On October 22, just days after Warrant Office Patrice Vincent was the victim of a targeted hit and run, Corporal Nathan Cirillo was shot and killed while serving as an honour guard at the National War Memorial in our Nation’s capital. The events in Ottawa and those individuals involved will not be forgotten, as above all else it was shocking. The perversion of killing an unarmed soldier at the very monument celebrating sacrifices such as his is shocking. The stark reality of the shooter’s motivations, whether extremist or mental in nature, is shocking. The idea that Canada is more vulnerable than our usually uneventful record of homeland attacks would have us believe, is shocking.
What’s also troubling are the reactions that these events garnered from some who surely should have known better. Radio/TV personality and islamophobe Michael Coren tweeted shortly after the event, “I wish to the bottom of my heart I had been wrong when I said there would be more attacks”. Not only was this tactlessly self-agrandizing given the events had little to do with him, it was also assumptive, given that at the time there was no confirmation that the shooter was acting as an Islamic extremist. What’s far worse is that the tweet included a link promoting his latest book. In a somewhat similar fashion, St. Catharines’ own Peter Secord, while running for mayor, tweeted a sentiment about the events, but not without including a #SecordforMayor hashtag.
Both men claim that the tasteless add-ons to their tweets were the result of an automatic function built into their Twitter apps (that have yet to be substantiated).While, yes, the Twitter app may suggest hashtags once you’ve entered the “#” symbol, and yes, there could possibly be one that goes so far as to add a link to your book, in both cases a simple reread of the message prior to hitting SEND would have been prudent. Unfortunately, it’s simply easier to believe that the two of them saw this as a chance for gain, no matter how slight or inappropriate. I’d think that if I was tweeting on such a sensitive issue (and heaven forbid you give more than 140 characters in the first place), I’d give it a look over before rushing it out to my followers.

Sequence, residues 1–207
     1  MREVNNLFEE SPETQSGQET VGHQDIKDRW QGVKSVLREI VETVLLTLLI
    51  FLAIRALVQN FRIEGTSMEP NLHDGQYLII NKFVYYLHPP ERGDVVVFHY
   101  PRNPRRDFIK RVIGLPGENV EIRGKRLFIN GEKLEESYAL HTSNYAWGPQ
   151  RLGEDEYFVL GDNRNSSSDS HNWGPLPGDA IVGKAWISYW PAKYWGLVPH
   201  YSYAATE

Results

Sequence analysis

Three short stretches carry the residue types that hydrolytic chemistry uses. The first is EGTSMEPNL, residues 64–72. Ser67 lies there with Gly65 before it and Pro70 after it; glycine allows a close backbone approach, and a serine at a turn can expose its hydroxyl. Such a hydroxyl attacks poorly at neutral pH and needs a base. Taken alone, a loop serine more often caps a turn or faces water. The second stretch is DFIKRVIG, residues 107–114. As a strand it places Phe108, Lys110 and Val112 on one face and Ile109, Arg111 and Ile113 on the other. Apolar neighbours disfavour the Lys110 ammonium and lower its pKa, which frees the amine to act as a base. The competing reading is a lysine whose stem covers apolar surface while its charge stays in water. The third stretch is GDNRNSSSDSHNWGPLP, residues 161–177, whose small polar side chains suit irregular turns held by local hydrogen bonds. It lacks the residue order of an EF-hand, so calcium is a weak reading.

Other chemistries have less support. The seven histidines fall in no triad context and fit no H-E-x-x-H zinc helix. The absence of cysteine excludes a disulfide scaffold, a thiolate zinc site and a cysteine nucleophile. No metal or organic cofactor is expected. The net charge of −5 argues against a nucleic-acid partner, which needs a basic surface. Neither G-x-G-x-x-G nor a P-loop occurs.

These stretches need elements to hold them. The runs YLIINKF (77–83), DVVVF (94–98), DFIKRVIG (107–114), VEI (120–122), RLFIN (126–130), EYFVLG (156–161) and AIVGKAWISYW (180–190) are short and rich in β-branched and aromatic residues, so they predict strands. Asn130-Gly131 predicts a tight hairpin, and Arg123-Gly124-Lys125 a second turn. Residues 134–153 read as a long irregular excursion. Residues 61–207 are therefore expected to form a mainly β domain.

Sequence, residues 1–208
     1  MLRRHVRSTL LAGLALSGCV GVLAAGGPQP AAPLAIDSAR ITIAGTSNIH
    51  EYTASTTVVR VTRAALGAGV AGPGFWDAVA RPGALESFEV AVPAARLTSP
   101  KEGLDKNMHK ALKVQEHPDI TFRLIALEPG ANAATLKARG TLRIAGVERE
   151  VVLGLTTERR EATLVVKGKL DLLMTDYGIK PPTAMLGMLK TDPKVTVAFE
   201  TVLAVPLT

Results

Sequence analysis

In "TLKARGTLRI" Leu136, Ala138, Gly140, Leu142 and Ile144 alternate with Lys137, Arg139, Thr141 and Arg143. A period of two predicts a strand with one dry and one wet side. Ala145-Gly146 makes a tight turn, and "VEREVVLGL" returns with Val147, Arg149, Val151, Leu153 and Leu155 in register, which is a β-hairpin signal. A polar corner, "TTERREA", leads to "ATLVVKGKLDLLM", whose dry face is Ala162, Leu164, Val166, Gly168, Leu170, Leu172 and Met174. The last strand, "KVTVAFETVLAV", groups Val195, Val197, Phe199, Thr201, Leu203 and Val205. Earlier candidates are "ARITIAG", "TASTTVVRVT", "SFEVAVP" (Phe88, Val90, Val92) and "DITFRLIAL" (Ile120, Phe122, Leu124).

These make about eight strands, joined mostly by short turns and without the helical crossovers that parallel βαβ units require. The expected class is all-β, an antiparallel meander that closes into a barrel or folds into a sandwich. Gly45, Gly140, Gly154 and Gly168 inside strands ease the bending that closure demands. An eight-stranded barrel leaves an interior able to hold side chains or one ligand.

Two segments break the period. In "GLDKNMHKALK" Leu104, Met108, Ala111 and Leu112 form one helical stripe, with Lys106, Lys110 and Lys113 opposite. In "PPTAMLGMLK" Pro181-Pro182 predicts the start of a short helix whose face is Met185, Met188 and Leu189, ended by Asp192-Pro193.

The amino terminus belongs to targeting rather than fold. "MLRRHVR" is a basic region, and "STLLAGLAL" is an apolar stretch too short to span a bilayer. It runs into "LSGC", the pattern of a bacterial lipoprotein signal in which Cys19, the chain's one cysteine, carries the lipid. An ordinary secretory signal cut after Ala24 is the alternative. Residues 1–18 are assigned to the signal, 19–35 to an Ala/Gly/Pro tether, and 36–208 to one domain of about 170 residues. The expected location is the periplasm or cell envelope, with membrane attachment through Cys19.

At the same time, it’s encouraging to note the positive and in some cases inspiring actions of some involved with the tragedy in Ottawa. In a cursory search of the news coverage, you can find testimony from those who first responded to Cpl. Cirillo after shots were fired, and by all accounts they acted admirably. It’s also been noted that CBC’s live coverage, headed by Peter Mansbridge, wasn’t sensationalized or alarmist, instead reporting only confirmed facts and promoting calm and responsible behaviour throughout the ordeal. Lastly, Kevin Vickers is likely a household name at this point given his role in maintaining the security of the Parliament building. As Sergeant-at-Arms, he acted quickly and effectively to neutralize the threat, for which he will long be honoured.
In the aftermath, a mosque in Cold Lake, Alberta was defaced with xenophobic messages, a predictable and disappointing response. Encouragingly, just hours later the graffiti was cleaned up by local residents who quickly volunteered to help out.
For as long as I can remember I’ve grown up with a pride in Canada’s multiculturalism, freedom and, honestly, stereotypical politeness. I refuse to believe that one troubled man can change that. Hopefully, Canada won’t have to give up more than the lives of Vincent and Cirillo because of this attack.
The cenotaph at the National War Memorial which Cirillo guarded is known as “The Response”; unlike some who sought to gain from this, or to turn on other Canadians because of who they are, we should all be mindful of our response in the fallout. It will undoubtedly endure as a defining moment for our country for years to come.